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Tax breaks get scrutinized

Tough economy, corruption cause states to rethink credits

Last April, producer Malcolm Petal was sentenced to five years in federal prison for conspiring with a local attorney to bribe the head of the Louisiana State Film Office, both of whom were sentenced in July.

The scheme focused on $1.35 million in tax credits, far more than it cost Petal’s company to film a local music festival. Mark Smith, who headed the state’s film office, was paid $67,500. The sentencing was the culmination of a years-long federal probe into the tax credit program, which also resulted in an infamously generous check of more than $27 million to “The Curious Case of Benjamin Button.”

Film production tax credits partially refund state taxes to filmmakers, luring them to areas in need of economic growth. Some have gone badly wrong, while almost identical programs have sparked urban renewal and generated good, much-needed jobs.

Now, the recession has pressured many of the 40 states that offer them to revisit their incentive programs as lawmakers cut corners. Few have moved to dissolve them, but several officials fought hard to have their states’ credits scaled down or eliminated last year.

New York’s program, which many other states have used as a model, has been expanded under then-Gov. Eliot Spitzer and pushed even further by his successor, David Paterson. It has attracted new biz to the state and beefed up a sector of the economy to help regain some of the tax revenue that bankrupt bankers were no longer paying.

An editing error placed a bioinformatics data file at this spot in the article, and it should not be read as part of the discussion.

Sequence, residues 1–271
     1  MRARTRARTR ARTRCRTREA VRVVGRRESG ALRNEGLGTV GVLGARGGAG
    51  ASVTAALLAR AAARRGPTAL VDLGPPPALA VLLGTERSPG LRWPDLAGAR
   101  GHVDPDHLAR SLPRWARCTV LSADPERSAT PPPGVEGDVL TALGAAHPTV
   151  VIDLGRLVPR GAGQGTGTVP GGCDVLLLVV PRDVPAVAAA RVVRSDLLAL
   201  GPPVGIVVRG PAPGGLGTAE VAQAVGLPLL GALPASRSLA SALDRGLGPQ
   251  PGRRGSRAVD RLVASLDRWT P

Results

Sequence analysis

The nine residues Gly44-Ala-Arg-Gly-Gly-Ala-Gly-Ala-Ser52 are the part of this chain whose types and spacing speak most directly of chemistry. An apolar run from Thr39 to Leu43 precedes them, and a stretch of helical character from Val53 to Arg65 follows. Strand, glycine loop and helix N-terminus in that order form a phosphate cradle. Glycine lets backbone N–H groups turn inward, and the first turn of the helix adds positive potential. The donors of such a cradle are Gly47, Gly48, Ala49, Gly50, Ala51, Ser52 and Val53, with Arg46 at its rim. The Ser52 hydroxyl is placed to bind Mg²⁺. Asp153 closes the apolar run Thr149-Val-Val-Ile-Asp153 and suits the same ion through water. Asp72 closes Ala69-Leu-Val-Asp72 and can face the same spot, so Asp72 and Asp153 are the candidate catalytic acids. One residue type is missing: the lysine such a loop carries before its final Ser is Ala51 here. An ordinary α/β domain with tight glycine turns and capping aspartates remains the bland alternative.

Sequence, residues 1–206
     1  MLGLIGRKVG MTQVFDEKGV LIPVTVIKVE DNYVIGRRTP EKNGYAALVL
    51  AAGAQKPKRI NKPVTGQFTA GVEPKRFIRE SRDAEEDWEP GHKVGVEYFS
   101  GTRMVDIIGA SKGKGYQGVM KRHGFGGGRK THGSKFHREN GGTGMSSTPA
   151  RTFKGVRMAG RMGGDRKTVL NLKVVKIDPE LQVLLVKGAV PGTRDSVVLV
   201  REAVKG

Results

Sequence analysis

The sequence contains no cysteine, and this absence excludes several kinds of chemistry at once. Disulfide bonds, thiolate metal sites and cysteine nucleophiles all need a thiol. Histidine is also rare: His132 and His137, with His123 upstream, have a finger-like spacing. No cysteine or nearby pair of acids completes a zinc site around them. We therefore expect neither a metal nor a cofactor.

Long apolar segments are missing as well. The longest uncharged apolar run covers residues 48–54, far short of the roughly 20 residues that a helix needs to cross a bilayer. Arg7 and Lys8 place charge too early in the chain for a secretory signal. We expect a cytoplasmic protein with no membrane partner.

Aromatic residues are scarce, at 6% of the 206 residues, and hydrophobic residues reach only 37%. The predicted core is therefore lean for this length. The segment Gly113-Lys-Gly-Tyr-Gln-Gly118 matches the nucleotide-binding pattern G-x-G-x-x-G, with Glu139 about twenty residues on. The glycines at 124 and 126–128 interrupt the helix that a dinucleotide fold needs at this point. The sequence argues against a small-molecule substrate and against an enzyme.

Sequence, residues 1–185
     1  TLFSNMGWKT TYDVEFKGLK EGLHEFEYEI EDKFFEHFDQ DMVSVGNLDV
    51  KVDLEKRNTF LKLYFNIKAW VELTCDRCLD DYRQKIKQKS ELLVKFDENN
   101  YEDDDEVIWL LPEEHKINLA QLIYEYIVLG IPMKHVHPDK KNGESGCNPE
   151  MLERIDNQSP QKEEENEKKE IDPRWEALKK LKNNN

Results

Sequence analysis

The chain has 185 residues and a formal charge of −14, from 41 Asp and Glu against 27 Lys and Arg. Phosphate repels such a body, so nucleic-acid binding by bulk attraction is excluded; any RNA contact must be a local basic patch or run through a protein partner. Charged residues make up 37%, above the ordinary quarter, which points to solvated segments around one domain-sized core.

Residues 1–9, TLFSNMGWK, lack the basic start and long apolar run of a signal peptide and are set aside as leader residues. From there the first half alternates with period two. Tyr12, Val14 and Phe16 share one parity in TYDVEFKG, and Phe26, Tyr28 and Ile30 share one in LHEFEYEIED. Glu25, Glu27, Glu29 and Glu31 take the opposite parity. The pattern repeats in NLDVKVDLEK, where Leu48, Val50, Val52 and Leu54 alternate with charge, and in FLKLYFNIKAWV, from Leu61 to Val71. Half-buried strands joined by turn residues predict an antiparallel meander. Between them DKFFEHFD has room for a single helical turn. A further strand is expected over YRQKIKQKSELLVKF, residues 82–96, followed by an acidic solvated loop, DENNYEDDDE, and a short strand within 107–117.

“It’s a bright light in a really dismal time,” said Steiner Studios prexy Douglas C. Steiner. “But it’s not the same boost in other states. It has to do with both the tax structure in New York and the crew base in New York, and the fact that people want to shoot here.”

The credit program, along with the talent pool and steady crew base it maintains, encourages studios to venture far out of their way to shoot in New York, according to the head of the Governor’s Office of Film, Pat Swinney Kaufman: Warners’ “Sherlock Holmes” shot everything up to and including the climactic Tower Bridge sequence at studios in New York City before a whirlwind tour of “hero” shots in England. CBS’ Chicago-set legal drama, “The Good Wife,” just announced it will be filming its second season — in New York.

But as the recession begins to take its toll on less film-centric areas of the country, other states are studying their tax credit programs’ results and finding them lacking.

In Iowa, for example, the film tax credit has been suspended since last fall amid allegations of misspent money and the unceremonious dismissal of Iowa Film Office head Tom Wheeler by Gov. Chet Culver.

The Iowa Dept. of Economic Development commissioned a report on the film office from private consulting firm Clifton Gunderson, which cited “incomplete or inadequate records” for 20 of the 22 projects the state had approved, as well as dummy companies set up so film productions could claim in-state expenditures on out-of-state costs — sometimes more than $1 million, according to the report.

The study did not name specific producers, but a full criminal investigation has been under way in Iowa for months. An Iowa Film Office spokesperson refused comment, citing the investigation. But a memo from former Iowa Dept. of Economic Development director Michael Tramontina referred on its list of sins to “luxury vehicles” purchased through the incentive program that “were not used directly on a film.”